Each decade produces new insights into science, especially life sciences, where we are learning more about ourselves. As our society becomes increasingly dependent on its scientific legacy, it becomes more and more important that each new generation understands the role of science in our lives. However, the accumulation of facts can be daunting to students and educators alike. How do we meet the challenge of educating everyone to understand the role of science in our lives? Fortunately, the principles of science don’t change.
Our role in science education
The Fred Hutchinson Cancer Research Center has a long history of contributing to the science education of the community in a variety of ways, formal and informal. Our Science Education Partnership program, for example, has trained hundreds of middle and high school science teachers for 20 years. Our Hutch High science symposium has exposed more than 1,000 high school students to real-life laboratory science.
One might wonder why a cancer research institution like the Hutchinson Center should concern itself with K-12 education. I have been thinking increasingly about this as I transition out of the position of Center president and begin to devote more of my own time to education.
The future of humankind depends on science and technology
The answer is simply that the future of humankind depends upon implementing our science and technology in ways that can sustain a human population rapidly approaching 9 billion people on a planet that is already being exploited beyond its limits. As I become more informed about the challenges of providing clean water, adequate food, energy, health, biodiversity, education, employment and the other needs of people, I am actually hopeful that it is possible to support our population so that all people can have a rewarding life.
Science and technology do have the answers. However, we will need to make some dramatic changes in the way we utilize natural resources, and that means that people, businesses, countries and international organizations will need to reach consensus on appropriate sustainable and equitable policies. Lay people will need to understand the scientific and technical issues well enough to support appropriate policy, and lawmakers will need to think far beyond the next election.
Unfortunately, science does not come naturally to people. Our inability to generate societies that can make intelligent decisions is the biggest threat, in my mind, to our future. Unfortunately, even people who study science and teach science rarely understand science as a process. Only those of us who have spent a major part of lives doing science can really appreciate how it works. You might think I am talking about sophisticated and esoteric concepts involving complex mathematics. I am not. I am talking about humility.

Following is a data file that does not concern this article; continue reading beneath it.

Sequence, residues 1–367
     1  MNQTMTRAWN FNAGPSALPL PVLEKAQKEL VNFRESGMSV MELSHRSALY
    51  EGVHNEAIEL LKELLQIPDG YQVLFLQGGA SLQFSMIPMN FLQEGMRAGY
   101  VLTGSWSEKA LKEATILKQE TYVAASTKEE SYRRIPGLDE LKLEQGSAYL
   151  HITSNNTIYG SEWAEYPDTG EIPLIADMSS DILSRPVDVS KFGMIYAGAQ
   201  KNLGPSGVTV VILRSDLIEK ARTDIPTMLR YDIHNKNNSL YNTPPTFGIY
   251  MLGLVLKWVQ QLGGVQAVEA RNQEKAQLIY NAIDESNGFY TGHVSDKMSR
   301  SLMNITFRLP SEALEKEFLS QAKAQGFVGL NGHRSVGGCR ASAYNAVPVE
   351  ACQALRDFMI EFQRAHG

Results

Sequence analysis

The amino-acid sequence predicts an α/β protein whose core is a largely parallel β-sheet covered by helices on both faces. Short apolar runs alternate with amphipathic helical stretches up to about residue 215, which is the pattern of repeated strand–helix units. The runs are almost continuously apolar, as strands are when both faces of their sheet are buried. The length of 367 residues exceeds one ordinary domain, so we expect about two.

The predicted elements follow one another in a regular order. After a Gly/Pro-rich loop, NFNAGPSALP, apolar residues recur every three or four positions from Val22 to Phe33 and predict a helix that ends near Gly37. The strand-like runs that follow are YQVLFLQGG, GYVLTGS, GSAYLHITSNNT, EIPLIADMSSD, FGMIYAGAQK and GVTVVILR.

But science is only part of the answer
What scientists understand, through innumerable failures and the rare success, is that science is a process that involves approaching the truth through trial and error, always realizing that you have only a part of the answer. Solving humanity’s problems will require that understanding. We must agree on goals, accept the best estimates and hypothetical solutions, work toward improvement, constantly monitor the outcomes and iteratively improve our performance.
Those of us who have learned this lesson through a lifetime of frustration studying how nature works must communicate this to the lay public. Our scientists have a critical role to play in that education and I hope that the Hutchinson Center will find a way to increase its commitment to educating the next generation.
This lesson begins in our elementary schools and in our homes. I was encouraged to pursue science by passionate teachers and I have been inspired by the science teachers that participate in our programs at the Hutchinson Center. Teachers throughout the country are striving to understand our rapidly changing world and the research community needs to come together to support that effort. Along with participating in science education programs in the community, teachers, students and parents can find links to additional resources the Hutchinson Center’s website.
Dr. Lee Hartwell will retire as president and director of Fred Hutchinson Cancer Research Center at the end of September, after which he will continue to be involved with the Center as director emeritus and will carry on his work in early cancer detection and science education. He has earned numerous prestigious awards for his research, including the 2001 Nobel Prize in physiology or medicine. He is also the chief scientist of The Biodesign Institute at Arizona State University.
By posting a comment, you agree to our terms and conditions.